This coming together is a necessity as the Kaijus attack humanity as a whole.  The twisted beasts emerging deep from within a crack at the bottom in the Pacific Ocean. This is pretty straightforward Jungian imagery, horrors of the collective subconscious, manifestations of human savagery.  Kaiju are id-monsters, tantrum throwing, self-destructive symbols of the worst aspects and desires of humanity. Del Toro makes efforts to get us to equate the Kaiju as a facet of us rather than entirely alien, most pointedly when he shows that they don't merely destroy - they pollute and leave vast ecological damage in their wake.  Like humanity even their unconscious presence upon the land corrupts it.  

This delicate, subtle and intelligent division between the heroes and the monsters they fight is somewhat surprising, considering this is a film that features a scene where a giant robot activates rocket-boosters on its elbow to deliver a high-octane building shaking slobberknocker to a giant glowing blue monster.  But then Guillermo del Toro was never going to make a 'dumb' film was he?


A kaiju - they come in a huge variety of forms.
There's a thousand tiny touches that demonstrate how humanistic a film-maker del Toro is, but my favourite is in the middle of one of the city-levelling bouts.  While searching for one of the Kaiju, our hero robot walks the streets.  There's a pedestrian bridge over the road in front of him, and without comment the pilots gingerly step over it.  It's perhaps a futile gesture, but it feels like a spit in the eye to Man of Steel, which would have smashed it up for the sheer hell of it.  There are tons of these tiny, almost subliminal, moments of human kindness running right through the film's DNA and they elevate it from sterile artificiality into optimistic, scrappy humanity.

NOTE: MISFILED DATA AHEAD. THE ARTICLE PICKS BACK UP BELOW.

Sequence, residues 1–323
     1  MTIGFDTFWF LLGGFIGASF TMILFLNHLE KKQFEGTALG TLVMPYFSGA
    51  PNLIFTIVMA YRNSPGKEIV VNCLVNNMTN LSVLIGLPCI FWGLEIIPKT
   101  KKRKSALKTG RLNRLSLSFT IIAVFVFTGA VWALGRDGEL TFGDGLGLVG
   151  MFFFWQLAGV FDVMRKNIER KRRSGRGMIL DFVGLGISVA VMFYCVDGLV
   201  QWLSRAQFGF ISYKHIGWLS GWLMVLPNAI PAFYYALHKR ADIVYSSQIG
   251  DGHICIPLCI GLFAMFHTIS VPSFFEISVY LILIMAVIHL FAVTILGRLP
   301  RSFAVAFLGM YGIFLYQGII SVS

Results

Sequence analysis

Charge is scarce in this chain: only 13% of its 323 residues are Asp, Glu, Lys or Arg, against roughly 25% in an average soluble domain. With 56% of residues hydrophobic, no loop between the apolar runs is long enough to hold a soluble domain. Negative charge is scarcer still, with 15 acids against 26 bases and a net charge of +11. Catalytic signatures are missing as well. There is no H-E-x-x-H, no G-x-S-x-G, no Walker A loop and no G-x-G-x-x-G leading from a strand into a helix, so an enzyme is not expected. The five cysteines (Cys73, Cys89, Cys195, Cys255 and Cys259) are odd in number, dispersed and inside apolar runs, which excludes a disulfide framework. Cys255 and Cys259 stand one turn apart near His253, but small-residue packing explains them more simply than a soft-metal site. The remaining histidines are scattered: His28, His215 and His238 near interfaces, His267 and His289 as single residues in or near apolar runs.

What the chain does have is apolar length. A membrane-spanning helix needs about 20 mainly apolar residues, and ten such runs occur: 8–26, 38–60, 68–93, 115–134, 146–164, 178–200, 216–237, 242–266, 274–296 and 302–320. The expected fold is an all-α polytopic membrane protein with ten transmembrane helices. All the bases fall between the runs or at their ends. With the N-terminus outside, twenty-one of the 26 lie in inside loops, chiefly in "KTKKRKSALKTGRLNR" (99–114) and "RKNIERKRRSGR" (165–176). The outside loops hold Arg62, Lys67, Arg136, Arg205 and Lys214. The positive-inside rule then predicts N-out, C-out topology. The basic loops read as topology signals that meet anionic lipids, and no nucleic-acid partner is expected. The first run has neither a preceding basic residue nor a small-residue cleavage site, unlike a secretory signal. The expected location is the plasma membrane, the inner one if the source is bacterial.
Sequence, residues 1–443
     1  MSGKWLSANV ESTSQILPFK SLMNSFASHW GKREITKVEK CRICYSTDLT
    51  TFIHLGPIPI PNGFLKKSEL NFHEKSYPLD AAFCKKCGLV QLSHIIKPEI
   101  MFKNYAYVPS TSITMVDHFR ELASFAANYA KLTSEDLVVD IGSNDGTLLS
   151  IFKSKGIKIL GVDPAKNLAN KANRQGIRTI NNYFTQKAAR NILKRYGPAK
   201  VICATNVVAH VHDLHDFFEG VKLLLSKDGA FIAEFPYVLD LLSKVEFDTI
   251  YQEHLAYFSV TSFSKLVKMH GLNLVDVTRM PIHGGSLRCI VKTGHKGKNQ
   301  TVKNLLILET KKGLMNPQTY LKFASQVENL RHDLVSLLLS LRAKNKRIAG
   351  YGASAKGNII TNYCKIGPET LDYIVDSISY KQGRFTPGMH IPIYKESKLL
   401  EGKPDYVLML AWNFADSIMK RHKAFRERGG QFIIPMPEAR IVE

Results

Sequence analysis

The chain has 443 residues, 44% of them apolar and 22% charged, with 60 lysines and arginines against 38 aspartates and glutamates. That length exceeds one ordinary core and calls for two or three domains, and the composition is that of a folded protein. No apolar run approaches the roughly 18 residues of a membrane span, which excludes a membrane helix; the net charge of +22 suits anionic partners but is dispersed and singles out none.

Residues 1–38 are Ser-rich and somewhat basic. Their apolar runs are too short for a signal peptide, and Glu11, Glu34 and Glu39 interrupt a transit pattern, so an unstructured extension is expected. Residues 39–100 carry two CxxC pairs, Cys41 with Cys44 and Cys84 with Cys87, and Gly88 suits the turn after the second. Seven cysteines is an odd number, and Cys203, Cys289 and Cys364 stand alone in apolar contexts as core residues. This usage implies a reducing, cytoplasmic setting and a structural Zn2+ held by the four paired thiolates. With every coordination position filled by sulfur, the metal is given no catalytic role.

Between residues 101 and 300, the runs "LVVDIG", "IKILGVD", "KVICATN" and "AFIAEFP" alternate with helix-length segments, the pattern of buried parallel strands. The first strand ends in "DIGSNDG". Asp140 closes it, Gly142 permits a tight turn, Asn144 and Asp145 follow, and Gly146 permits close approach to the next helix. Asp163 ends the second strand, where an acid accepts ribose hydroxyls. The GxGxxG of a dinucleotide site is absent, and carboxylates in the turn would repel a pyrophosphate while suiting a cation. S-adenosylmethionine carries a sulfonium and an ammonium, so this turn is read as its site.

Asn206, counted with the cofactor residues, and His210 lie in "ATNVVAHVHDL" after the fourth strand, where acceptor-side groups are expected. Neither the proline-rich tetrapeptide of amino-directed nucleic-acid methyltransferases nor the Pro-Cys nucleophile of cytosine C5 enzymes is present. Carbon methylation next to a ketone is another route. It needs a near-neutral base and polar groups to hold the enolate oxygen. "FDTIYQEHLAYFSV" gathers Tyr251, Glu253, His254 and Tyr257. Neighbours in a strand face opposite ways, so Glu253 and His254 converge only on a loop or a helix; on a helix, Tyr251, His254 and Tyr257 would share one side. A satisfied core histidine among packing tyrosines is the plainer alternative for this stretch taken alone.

I note at this point that I've spent about 800 words talking about a giant robot fighting film without actually mentioning what the giant robot fighting is like.  There's a sense of scale and weight to every single movement the Jaegers and Kaiju make.  When they collide we instinctively comprehend the forces involved, and del Toro is sure stage his fights with atmospheric disturbances around them that allow us to keep up with what's going on.  The sea crashes around the combatants, neon blue blood sprays, particles deep under water sway and move, bits of the monsters jiggle obsencely and clouds part as they tumble through them.  Both fighters are impossibly fantastical creations, yet the way they interact with the mundane renders them immediately believable.



There are shots in these fights that I hope will always stay with me, indelible cinematic images that suddenly appear in the chaos, seconds of epic, breath-takingly beauty.  In particular there's a moment where a Kaiju drags our heroes high above the clouds, where they desperately fight, lit by the golden glow of the sun setting over the curvature of the earth.  The only thing interrupting it is the glowing blue splashes of monster blood painting both combatants.  It's genuinely beautiful.

This is everything a summer blockbuster should be.  It's exciting, funny, warm-hearted and optimistic - intelligent without being exclusive and exhilarating without being dumb.  Guillermo del Toro again cements his reputation as a genius director.  I doubt this could possibly have been as much of a success as it is in anyone else's hands.  

Go and see this film - on the biggest screen you can.



Pacific Rim is on general release from July 12th

* To be honest, I find it hard to believe that del Toro hasn't seen Neon Genesis Evangelion.

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1 Responses to “'Pacific Rim' (2013) directed by Guillermo del Toro”

Amol Jaiswal said...
October 8, 2013 at 5:21 PM

love every bit of it and nice review.thanks Guillermo Del Toro